Former Alabama Councilman Wants “One Lord, One Faith, One Baptism” on City Signs February 25, 2016

Former Alabama Councilman Wants “One Lord, One Faith, One Baptism” on City Signs

Four years ago, this was the way Sylvania, Alabama greeted visitors to the town:

How the hell did Ephesians 4:5 get in there…?

I don’t know, but four different signs used that same Biblical message to welcome people — and all four were illegal.

The Freedom From Religion Foundation sent Mayor Mitchell Dendy a letter explaining the problem at the time, adding that the sign wasn’t even welcome from a Christian standpoint:

The signs are not even representative of the beliefs of all Christians. To some, the Epistle to the Ephesians is a fraud, as many biblical scholars have said that Paul of Tarsus did not write it.

Still, the signs didn’t come down until late last year when FFRF sent a second letter to the city and the new mayor agreed to remove the Bible verse.

Now a city official wants to put them back up.

Because Alabama, that’s why.

“I intend for that Bible verse to go back up on our sign or some statement of God,” says former councilman Tony Goolesby.

“We never heard another word from [FFRF] and so the bible verse was on our signs when we left office in 2012,” says Goolesby.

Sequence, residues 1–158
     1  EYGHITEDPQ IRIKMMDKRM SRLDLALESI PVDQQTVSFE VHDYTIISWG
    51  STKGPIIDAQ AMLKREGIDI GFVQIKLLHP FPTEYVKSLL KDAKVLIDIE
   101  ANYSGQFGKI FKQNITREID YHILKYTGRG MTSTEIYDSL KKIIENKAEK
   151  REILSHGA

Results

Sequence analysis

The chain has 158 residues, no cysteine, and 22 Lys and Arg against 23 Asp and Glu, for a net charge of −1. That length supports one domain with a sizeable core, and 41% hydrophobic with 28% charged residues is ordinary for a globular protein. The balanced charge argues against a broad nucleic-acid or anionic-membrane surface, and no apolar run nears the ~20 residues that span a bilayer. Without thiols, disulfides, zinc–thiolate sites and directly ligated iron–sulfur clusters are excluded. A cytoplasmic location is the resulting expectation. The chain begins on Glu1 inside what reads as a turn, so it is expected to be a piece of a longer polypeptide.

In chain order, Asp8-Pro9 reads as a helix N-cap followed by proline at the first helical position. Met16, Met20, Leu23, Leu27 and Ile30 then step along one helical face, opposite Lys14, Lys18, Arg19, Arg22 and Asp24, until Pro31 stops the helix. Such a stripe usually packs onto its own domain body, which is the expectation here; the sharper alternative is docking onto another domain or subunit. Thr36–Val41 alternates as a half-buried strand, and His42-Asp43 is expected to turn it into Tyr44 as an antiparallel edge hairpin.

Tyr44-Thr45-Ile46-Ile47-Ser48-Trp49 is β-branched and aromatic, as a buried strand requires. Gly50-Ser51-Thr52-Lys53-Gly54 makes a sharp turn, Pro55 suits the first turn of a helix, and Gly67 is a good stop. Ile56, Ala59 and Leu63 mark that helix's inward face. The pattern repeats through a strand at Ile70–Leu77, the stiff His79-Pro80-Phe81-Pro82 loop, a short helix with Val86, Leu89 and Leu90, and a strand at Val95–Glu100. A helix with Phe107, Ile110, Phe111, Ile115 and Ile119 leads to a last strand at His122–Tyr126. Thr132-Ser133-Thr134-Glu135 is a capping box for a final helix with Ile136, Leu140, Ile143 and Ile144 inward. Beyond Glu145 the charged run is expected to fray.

Goolesby feels the council should not have caved to people who do not even live in this state.

FFRF isn’t based in Alabama, but they only sent the letter because a citizen pointed out the issue to them. That’s how they work.

This whole controversy shows how Christians like Goolesby can’t be trusted to do the right thing. They obeyed the law when a church/state separation group spelled out the law for them… and then ignored it the moment they left. They’re like an immature kid reaching into the cookie jar the second mom looks away.

FFRF didn’t file a lawsuit four years ago. But maybe that threat is just what they need to play by the rules.

So far, the mayor insists the Bible verse isn’t going back up. Not because it would be wrong to do so, but because the city “couldn’t afford a court challenge.” It’s a cowardly defense, but it allows him to save face in the community.

(Large portions of this article were published earlier. Thanks to Tim for the link. This article was edited to correct when the Bible verse was finally taken down.)

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